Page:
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Marvyn Harrison is the founder of Dope Black Dads, a diversity, equality and inclusion consultant and father of two. Dope Black Dads was set up to offer support to fathers but has evolved into something else. It’s a space to challenge outdated stereotypes about Black fatherhood and has become a progressive and inclusive community of parents where fathers can talk about their experiences with honesty and openness. The podcast created off the back of the group is truly special. Marvyn joined Gi to chat about his childhood, watching his wife Nina become a mother, his expectations of parenthood and so much more.

Growing up in Hackney in the 90s, Marvyn was surrounded by an “all-singing, all dancing, amazing food, your family friends are your cousins, very close-knit family”. He describes his family as very “matriarch led” and adds that he was “completely in the bosom of amazing women”. Whenever anything goes wrong, it’s these women he hears, in the ‘beautiful sound of patois’ reminding him of who he is and what his values are.

 

Not healthy fuel

Fatherhood was always something he thought about, but, Marvyn explained, the reason for this stemmed from his own father not being particularly present in his life. He wanted to “repair what I felt he had broken and I don’t think that’s really healthy fuel”. When Nina was pregnant with their son though, everything changed.

Marvyn told Gi: “It was more about him. It was about who he could be. I also changed my idea of parenting from like ‘I am your parent’ to ‘I’m your guardian’ which is a different way of looking at it. The more I met him, the more I understood he was someone already. I think inherently I believed children were just like an extension of me and so my job was to sculpt them into the better version of me. But they’re not.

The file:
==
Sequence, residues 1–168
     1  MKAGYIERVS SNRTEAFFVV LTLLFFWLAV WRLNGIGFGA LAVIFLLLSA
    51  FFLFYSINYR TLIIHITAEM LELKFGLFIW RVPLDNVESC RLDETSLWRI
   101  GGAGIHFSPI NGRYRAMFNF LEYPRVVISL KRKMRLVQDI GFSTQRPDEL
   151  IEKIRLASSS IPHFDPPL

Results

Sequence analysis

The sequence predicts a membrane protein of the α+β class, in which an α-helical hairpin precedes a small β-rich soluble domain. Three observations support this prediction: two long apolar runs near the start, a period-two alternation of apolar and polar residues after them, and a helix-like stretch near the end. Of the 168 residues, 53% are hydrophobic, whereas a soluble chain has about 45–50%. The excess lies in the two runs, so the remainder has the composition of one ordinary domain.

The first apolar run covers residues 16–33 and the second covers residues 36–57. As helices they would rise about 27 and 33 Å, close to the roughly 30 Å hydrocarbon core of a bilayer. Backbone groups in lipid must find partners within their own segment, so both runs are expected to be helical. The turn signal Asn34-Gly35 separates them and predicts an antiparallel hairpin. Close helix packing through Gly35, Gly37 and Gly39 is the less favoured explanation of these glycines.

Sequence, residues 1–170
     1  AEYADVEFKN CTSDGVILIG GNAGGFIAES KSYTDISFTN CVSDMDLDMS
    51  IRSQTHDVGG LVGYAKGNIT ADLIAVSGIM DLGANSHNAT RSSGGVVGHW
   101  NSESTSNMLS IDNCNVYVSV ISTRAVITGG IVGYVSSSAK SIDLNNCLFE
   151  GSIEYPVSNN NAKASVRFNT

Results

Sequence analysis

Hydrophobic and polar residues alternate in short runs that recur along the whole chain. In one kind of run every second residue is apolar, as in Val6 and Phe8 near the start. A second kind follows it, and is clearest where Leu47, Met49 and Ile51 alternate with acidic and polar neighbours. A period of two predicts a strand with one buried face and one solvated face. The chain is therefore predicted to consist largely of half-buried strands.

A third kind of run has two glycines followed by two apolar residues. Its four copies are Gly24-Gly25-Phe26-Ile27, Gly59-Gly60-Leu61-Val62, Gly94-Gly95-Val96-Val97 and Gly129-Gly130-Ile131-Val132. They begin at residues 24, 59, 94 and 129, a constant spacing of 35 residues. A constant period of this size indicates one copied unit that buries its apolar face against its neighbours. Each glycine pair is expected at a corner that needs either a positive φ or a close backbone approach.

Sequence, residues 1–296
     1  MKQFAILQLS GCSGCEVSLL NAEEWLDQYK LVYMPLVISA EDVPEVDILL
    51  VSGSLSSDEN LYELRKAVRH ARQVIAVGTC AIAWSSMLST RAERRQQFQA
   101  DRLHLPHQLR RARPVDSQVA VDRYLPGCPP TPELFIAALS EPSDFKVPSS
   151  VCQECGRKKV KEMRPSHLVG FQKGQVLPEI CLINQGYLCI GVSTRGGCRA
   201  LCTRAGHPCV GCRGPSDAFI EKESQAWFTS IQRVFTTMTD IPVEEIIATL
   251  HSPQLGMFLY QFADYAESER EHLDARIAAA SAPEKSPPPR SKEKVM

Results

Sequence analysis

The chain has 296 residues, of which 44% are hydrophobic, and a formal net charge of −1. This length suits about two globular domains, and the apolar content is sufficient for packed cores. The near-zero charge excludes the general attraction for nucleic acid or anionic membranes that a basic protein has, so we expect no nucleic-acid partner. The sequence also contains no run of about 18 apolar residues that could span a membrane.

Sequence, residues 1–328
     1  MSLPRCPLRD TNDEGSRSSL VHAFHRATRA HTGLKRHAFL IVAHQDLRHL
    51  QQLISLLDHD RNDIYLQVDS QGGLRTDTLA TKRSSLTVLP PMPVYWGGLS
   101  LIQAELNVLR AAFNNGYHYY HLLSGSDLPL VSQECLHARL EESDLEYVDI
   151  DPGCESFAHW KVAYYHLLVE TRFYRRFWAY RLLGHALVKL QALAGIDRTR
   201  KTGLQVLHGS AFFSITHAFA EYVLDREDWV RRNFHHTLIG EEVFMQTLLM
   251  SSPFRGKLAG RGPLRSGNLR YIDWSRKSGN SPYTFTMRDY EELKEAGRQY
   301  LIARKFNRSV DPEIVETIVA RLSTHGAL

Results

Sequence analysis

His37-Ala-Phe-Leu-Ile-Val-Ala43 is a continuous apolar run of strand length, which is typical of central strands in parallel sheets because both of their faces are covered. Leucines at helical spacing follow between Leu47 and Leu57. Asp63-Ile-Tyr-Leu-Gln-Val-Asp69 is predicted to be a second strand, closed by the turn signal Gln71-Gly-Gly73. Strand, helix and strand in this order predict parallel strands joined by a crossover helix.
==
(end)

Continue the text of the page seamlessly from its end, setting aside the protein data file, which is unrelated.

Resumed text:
I’ve learned what love actually is

He added: “And anyone that has children will know that their children very clearly and very quickly have their own personality. You see the consistent thread of their personality as they grow older and you realise that it’s not just environmental and it’s not DNA. It’s just they are their own spirit and it’s incredibly beautiful to discover. And I think in that I’ve learned what love actually is.”

When his son was born, Marvyn described being “overwhelmed”. Being a parent quickly became “the number one context for his existence”. He remembers it being all he talked about in the office and it becoming a big part of his identity. But despite his pride and excitement, he recalls “standing still, staring, being scared to put in what my gift was”. Marvyn recalls that he struggled to be the non-birthing partner and figure out what that meant. In Dope Black Dads, he wanted to create a space to explore that.

 

I thought fatherhood was easy

But is fatherhood what Marvyn expected? Not at all. “I thought fatherhood was easy. I thought it was me just as I was being loved just for who I am! But they’re their own people. I just thought that they would kneel into my way of being and my perspective. And they don’t. They reject it sometimes. They don’t want to do things and so sometimes I’m coaching my son and he’s like ‘I don’t want to be coached, just give me a hug’ or ‘leave me alone’. You just you can see in his face. They’re like ‘don’t tell me Instagram quotables right now. I don’t want your power speech’.

“I thought I would just be this person and my kids would love me for it. But sometimes you just got to be the bad person. You got to be someone that they don’t enjoy to create the boundaries that they need to be better people”.

 

Listen now

Listen to the whole chat on the Happy Mum Happy Baby Podcast wherever you find your podcasts or watch the whole conversation below.

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